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Audiences Are Applauding That LeFou Moment at the End of 'Beauty and the Beast'

Over the past several days, much has been said about the new live-action version of LeFou (played by Josh Gad) in Disney’s Beauty and the Beast, and how he represents Disney’s first explicitly gay character. Now, arguably, he isn’t the first gay Disney character, at least according to fans, who’ve debated over the years that other characters from films like Frozen and Zootopia are also (probably) gay. 

Once both director Bill Condon and star Josh Gad confirmed that LeFou has an “exclusively gay moment” in the film, suddenly there was controversy, with much of it revolving around an Alabama theater’s decision not to play the movie because of it. Since then Condon has called the entire thing “overblown,” considering it’s such a tiny moment in the movie. Meanwhile, Josh Gad spoke to People about the hubbub, saying the film is one of “inclusiveness” and has a little something for everyone.

Now as audiences actually begin to see the film for themselves, an interesting thing is happening: they’re applauding LeFou’s moment at the end. There were cheers at our IMAX preview screening in New York, and reports from the Chicago screening claim it received the biggest ovation of the entire film. 

The moment, overblown as it may be, is now becoming something else entirely.

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And folks, this is a tiny moment — mere seconds long — and what we’ve seen play as a similar subtle gag in other films is now taking on this life of its own in a way that proves why watching movies like Beauty and the Beast with an audience is a powerful experience in more ways than you’d think. How being amidst a group of hundreds who are all rallying around this idea of being comfortable in your own skin is something that sticks. Sure, the songs will be stuck in your head for days (and we’re all fully prepared for that), but it’s pretty awesome (and also rare) to see crowds cheering for what’s essentially the film’s central theme.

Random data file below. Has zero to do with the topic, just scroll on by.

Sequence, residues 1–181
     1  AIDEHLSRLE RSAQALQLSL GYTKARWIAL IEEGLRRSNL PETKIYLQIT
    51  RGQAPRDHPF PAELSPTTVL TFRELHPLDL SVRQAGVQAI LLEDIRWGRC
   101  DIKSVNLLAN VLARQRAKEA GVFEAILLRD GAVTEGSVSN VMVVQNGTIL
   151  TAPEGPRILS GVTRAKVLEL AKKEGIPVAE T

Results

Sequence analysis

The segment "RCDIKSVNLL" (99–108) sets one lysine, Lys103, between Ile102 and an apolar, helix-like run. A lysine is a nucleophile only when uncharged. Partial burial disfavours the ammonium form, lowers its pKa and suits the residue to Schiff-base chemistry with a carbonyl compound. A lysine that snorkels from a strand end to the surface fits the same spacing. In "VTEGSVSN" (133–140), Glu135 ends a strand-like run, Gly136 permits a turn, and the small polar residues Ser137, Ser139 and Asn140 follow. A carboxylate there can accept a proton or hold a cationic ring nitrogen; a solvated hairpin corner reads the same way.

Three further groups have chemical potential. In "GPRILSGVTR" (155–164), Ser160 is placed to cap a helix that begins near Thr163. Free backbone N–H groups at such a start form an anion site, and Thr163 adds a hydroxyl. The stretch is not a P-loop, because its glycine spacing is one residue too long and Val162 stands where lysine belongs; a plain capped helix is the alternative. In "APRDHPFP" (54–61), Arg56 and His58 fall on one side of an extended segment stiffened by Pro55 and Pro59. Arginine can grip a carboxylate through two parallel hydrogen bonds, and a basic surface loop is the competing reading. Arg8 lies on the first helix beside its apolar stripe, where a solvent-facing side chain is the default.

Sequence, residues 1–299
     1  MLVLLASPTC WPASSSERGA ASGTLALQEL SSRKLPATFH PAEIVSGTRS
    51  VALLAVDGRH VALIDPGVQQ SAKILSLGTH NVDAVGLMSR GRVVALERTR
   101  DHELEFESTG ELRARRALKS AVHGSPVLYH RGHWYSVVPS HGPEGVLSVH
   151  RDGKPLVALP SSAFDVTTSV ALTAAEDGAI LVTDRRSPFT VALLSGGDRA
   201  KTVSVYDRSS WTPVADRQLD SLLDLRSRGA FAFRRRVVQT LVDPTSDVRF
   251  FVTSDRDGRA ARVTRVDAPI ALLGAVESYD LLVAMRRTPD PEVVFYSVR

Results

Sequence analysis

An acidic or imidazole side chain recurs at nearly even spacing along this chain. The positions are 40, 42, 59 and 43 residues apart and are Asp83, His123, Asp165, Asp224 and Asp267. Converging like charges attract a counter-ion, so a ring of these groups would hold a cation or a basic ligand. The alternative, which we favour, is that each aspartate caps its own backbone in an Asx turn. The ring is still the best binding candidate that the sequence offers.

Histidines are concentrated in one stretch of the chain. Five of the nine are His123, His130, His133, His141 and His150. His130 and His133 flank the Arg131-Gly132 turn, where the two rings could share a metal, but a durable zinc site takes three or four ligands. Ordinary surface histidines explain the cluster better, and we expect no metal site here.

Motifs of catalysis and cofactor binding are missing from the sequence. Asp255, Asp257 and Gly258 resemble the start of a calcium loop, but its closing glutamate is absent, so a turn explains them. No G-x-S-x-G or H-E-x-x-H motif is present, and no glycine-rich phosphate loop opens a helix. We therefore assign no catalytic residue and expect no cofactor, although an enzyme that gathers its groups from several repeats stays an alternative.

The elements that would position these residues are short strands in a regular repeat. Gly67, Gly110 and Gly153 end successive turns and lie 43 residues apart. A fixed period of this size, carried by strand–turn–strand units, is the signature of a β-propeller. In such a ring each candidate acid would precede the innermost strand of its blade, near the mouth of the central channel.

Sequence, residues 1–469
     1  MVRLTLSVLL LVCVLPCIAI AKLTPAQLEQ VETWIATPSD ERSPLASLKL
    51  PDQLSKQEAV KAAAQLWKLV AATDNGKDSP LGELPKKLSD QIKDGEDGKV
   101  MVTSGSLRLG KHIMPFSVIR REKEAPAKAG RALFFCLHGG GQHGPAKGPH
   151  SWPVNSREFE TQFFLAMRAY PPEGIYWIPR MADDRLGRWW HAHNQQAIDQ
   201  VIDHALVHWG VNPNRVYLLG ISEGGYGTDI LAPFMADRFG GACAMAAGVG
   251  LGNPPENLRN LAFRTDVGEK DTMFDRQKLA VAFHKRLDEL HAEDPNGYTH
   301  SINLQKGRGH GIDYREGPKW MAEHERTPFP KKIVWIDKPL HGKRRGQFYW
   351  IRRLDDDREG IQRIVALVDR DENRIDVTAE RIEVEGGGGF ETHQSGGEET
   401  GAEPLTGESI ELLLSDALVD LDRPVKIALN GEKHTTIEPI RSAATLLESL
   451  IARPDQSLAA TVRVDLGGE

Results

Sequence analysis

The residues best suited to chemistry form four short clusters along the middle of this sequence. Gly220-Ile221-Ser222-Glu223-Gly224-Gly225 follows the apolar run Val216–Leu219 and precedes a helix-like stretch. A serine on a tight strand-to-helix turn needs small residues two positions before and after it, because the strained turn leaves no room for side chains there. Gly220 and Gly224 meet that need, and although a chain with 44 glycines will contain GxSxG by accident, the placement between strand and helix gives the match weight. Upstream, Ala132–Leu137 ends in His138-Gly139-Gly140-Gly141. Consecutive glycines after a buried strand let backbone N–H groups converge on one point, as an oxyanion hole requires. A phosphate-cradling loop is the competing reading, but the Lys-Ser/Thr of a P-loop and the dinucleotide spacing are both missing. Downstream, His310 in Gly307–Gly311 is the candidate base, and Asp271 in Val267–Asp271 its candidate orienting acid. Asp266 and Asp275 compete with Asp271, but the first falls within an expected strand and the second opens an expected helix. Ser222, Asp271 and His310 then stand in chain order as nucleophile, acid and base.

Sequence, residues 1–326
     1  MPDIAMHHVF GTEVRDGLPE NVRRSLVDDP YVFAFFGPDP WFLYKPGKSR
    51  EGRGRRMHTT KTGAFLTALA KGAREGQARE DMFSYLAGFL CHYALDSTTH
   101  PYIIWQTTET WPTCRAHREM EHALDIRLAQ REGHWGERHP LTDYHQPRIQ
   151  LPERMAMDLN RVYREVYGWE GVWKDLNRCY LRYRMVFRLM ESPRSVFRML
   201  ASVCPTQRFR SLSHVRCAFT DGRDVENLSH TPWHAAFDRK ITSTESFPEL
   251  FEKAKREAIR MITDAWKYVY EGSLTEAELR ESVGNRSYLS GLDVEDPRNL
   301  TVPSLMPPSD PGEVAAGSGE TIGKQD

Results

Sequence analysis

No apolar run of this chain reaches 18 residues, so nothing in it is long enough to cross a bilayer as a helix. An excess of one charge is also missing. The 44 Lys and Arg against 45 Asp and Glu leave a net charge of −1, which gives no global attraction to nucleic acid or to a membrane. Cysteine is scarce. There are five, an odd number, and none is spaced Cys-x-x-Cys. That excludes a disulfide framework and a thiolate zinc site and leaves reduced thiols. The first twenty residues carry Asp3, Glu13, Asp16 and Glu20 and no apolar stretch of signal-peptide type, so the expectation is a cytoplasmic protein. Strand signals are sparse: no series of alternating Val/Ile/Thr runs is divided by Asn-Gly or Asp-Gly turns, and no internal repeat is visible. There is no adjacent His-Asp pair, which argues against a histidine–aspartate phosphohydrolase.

What’s special about this version of Beauty and the Beast is, as Gad says, its inclusiveness. LeFou isn’t the only character who’s slowly coming to realizations about himself throughout the film; gradually learning how to embrace the person he is versus the person others think he should be. This is something Belle (Emma Watson) struggles with, as does the Beast (Dan Stevens). Even Gaston (Luke Evans), as slimy and deceiving as he is, struggles with the fact that he may not be as enticing a catch as he always thought himself to be.

Beauty and the Beast is a film about loving the person that you are no matter what you look like, be it a beast or a candlestick or a girl with an unusual appreciation of literature. It’s not about a specific lifestyle being overtly shoved in your face, as some have claimed, unless that lifestyle is one that includes simply being yourself. 

Any movie that champions that kind of lifestyle — especially one geared toward impressionable kids navigating the wild complexities of coming of age and all the feelings that go along with it — is most definitely one worth applauding. 

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